And sadly, it is into this hole where the Holzberg’s have now fallen, with so many others now and in the past. They were (and we can say remain) emissaries, shluchim, messengers of a power far greater than themselves. As discussed in last week’s article, emissaries are channels of a cause beyond their own self-interest. And yet, there are levels of this type of dedication, one more profound than another. Gaby and Rivky Holtzberg paid the ultimate price for their commitment: Giving their very lives for the most noble of all causes. They did not travel to India for business or pleasure. Only to help others and illuminate their world.

The horrible events in Mumbai, the inhumanity that only humans are capable of, reveals the insanity of our existence. We are then left with two choices (I am not including sticking our heads in the sands of denial): Either we become cynical and detached, losing faith and hope in justice and goodness prevailing. We may be overcome by resignation and despair. Or we dig deeper. And as we dig, we discover another dimension of reality, which is not bound by our common rules of logic and sanity. A reality that is beyond death as it is beyond life, one that precedes all the joys and all the agonies, all the births and all the deaths, all the beginning and all the ends. And in the face of this essential reality, you realize that nothing else really exists.

When all else fails, this is the only place left to go. We have no choice but to access a deeper sense of reality, which may not make any sense on our terms, but it nevertheless is a higher reality, and we can only stand in utter awe of something entirely beyond us, even as we cry or smile.

How else can you explain the ability of Holocaust survivors, who experienced unimaginable horrors, and still were able to – completely incomprehensibly – rebuild their lives, create new families and achieve an unprecedented renaissance of Jewish life? What power allowed then to transcend their shattered lives and build anything?

We may never have an answer. But we know that in some utterly mysterious way, they accessed the deepest, most concealed, reservoirs of human spirit and dignity, which in some way was more powerful than the most dreadful nightmares that history ever witnessed.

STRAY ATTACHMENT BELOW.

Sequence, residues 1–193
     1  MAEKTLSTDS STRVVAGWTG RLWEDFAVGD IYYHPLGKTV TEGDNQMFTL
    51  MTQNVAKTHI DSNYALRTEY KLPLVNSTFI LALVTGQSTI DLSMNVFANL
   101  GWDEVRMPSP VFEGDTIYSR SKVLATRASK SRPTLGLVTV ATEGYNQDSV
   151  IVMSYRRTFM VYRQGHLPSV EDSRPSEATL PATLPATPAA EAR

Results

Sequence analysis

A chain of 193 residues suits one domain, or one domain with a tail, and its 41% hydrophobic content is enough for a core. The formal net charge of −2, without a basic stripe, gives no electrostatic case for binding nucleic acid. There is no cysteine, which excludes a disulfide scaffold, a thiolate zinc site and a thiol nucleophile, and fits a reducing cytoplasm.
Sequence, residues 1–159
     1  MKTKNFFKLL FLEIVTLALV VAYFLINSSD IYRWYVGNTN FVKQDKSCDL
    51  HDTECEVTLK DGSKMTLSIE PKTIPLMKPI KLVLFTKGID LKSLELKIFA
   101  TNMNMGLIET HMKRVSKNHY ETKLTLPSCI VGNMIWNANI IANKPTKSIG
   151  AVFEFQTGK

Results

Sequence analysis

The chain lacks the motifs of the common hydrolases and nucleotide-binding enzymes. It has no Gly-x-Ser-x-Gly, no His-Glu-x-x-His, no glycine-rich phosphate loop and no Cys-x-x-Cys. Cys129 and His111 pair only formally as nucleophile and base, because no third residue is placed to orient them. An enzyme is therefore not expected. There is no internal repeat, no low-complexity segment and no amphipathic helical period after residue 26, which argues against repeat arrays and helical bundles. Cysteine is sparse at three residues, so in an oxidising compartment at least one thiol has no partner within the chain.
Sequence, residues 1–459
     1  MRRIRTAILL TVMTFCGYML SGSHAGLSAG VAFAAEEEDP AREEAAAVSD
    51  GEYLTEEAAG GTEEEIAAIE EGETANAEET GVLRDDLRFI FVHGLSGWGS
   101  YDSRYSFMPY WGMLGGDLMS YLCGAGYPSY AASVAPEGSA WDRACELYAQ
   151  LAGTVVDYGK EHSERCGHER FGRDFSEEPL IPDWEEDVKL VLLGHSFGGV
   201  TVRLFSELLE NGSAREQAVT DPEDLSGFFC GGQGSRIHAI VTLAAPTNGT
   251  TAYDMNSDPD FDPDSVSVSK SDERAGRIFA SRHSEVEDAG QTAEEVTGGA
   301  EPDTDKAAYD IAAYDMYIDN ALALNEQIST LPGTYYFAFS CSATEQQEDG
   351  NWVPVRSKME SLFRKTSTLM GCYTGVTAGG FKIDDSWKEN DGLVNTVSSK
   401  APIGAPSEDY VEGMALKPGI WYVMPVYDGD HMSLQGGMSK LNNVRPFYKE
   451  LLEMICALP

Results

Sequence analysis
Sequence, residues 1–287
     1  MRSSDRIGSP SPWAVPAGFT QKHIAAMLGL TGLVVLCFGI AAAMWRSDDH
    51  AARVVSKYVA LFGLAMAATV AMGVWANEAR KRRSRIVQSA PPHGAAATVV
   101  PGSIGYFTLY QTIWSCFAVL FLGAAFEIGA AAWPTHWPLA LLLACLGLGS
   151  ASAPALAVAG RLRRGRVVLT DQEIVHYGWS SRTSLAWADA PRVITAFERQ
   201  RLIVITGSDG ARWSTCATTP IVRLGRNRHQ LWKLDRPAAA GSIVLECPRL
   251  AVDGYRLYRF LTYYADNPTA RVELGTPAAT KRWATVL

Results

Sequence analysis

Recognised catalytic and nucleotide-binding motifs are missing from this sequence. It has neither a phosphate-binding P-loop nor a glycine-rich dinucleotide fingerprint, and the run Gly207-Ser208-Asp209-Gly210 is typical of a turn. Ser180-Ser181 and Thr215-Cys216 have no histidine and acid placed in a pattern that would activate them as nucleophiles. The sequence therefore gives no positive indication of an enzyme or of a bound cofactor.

Beyond all of life and death, a force remains that does not let go and does not give up.

I take one more peek at the new life that has entered my world and I am reinfused with hope: My granddaughter just arrived from another world, and has brought us a message of hope. Despite the tragic losses and senseless pain, beyond the incomprehension of it all, life is born yet again. And with it – a new beginning with new possibilities.

I look at my new granddaughter and I know what choice I will make.

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Chaya Gross

As I read your words I couldnt help think that there needs to be a more universal response to the tragedy we all experienced as a Chabad family. Yes it is true, that life goes on, and having your new granddaughter put another slant on the insanity of the atrocities in Mumbai, but we must ask ourselves, each one alone, and all of us together, what the meaning of this carnage is, and what are we meant to learn and to do to prevent it happening again soon somewhere else. When tragedy strikes, we know how to pull all our… Read more »

Alex Goldring

Shavua tov.Please accept my wife, Sharons, and my congratulations on the birth of your granddaughter. May you derive much joy and satisfaction from her.As to your essay, I would comment that you ask the classic questions about evil victimizing good people and wanting to know why this occurs. Maybe its time to rethink the question and its premises. In some philosophies the question why is considered a non-starter. After all, the beginning of any answer to that query begins with the word because. In other words, what the mind is searching for is some kind of causality that will satisfy… Read more »

Susan

Thank you for that inspiring message at this time of such senseless tragedy……and Mazel Tov on your new granddaughter!

Mina

Dear Rabbi Jacobson,

Thank you so much for addressing the tragedy of the death of Rabbi and Mrs. Holtzberg in such a sensitive and profound way. It is helping me breathe today.

All the best,

Mina

Roxanne Perri

Thanks Rabbi:

Wonderful words.